My family on my great-grandfather's side came from Romania and I have a picture of one of his brothers in a soviet military uniform.

I know nothing of his involvement in the military and was hoping by posting a picture of him in his uniform, someone could discern some meaning from it such as what branch he was a part of or his rank. This ancestor was born about 1899 if that helps. I don't know exactly when the photo was taken.

man in military uniform

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    The rank is "младший сержант" (the dictionary gives me "lance-sergeant" but one should be careful here - I'm not good at British or American ranks).
    – tum_
    Dec 6, 2019 at 16:54
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    At least it's a starting point. Thanks!
    – Cerulean
    Dec 6, 2019 at 17:12
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    I could give a bit more, actually, but I'm having a problem with the English equivalents here :) (A weird feeling, as I'm more or less fluent in English but all these Soviet/Russian military terms - not a clue how to present them). For example, "младший сержант" is denoted by the two stripes on his "погоны" (the "thingies on his shoulders" - what the hell is the English term for them - epaulets? shoulder boards?) Later on I might try to make an answer out of this. Not tonight, though.
    – tum_
    Dec 7, 2019 at 0:01
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    The branch of the military would be shown on "pogony" (shopulder boards?) as a little sign between the button and the stripes. Perhaps if you magnify the photo very much it will be possible to see what is this. And also the sign on the right of his chest. The sign on the left side has the shape of the Komsomol member sign but again it is not clearly visible. (I refer to the "left" and "right" with respect to the person standing in the photo. His shirt is a generic Soviet army shirt before and including WWII period, but even in 1970s some soldiers were wearing this style of shirt.
    – Alex
    Dec 7, 2019 at 0:25
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    … and if it's indeed "Отличник Советской Армии" - the photo is dated no earlier than 1957 because the badge did not exist before then ("учрежден приказом Министра обороны Советского Союза от 17.04.1957").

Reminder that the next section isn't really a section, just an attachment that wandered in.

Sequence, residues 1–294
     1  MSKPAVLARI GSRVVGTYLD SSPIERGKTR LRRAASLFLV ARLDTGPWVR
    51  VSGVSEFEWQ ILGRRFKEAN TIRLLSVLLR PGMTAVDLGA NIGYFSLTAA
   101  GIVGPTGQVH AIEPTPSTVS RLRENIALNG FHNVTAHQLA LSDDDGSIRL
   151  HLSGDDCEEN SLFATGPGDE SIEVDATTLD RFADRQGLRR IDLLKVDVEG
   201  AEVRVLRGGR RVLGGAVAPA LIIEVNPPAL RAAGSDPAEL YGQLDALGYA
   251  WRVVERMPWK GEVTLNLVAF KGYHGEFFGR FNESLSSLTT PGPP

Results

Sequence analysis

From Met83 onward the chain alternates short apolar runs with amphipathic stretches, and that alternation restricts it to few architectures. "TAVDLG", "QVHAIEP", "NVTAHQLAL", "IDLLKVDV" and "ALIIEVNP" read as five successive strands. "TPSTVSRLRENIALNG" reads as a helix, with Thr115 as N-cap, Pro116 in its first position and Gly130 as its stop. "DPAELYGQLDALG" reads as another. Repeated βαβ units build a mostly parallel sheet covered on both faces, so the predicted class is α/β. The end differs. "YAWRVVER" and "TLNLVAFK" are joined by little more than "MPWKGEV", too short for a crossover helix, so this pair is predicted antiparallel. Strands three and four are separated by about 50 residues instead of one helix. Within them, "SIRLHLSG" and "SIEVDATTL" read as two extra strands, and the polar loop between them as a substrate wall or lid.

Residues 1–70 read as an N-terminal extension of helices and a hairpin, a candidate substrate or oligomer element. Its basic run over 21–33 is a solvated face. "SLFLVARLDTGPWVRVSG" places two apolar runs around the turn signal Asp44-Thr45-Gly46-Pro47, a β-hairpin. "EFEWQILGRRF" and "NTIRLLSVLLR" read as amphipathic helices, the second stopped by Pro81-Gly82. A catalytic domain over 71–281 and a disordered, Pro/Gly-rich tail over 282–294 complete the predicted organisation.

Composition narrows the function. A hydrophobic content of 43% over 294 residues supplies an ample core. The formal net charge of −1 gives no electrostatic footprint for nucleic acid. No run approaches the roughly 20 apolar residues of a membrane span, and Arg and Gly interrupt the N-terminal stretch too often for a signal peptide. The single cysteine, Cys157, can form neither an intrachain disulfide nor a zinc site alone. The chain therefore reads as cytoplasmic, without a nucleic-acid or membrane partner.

– tum_
    Dec 7, 2019 at 1:08

1 Answer 1


This photo is of a junior sergeant from between 1957 and 1970:

First of all, it cannot be from before 1955, when the badge on the shoulder board was placed in the center of the board. The placement you see in the photo was introduced by Ministry of Defense order № 225. The badge is moved right below the button, and the shoulder boards are now reversible (gold or silver bars on branch-appropriate color, and red bars on khaki for wartime/training use).

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In 1970, the appearance changes completely so that can't be it. Note that while he is missing the arm insignia (introduced in 1969), that was only for soldiers who chose to serve past the end of their mandatory term so it doesn't help us.

The uniform appears to be the "#3 uniform" (summer uniform officers of land troops) specified in the same order № 225. The anomalously colored pants may be due to the fact that they are from the uniform to be worn on leave (and thus they are actually blue and not black).

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These photographs from 1960 taken by Carl Mydans in Belarus depict soldiers in identical uniforms, with the exact same badge (introduced 1957) worn in the exact same place:

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As for the branch of forces the soldier is from, that is difficult to say. We can rule out aviation and navy easily. The pointy bits on top of the symbol and the dark color of the shoulder boards makes me suspect engineering forces (where the boards would have been black).

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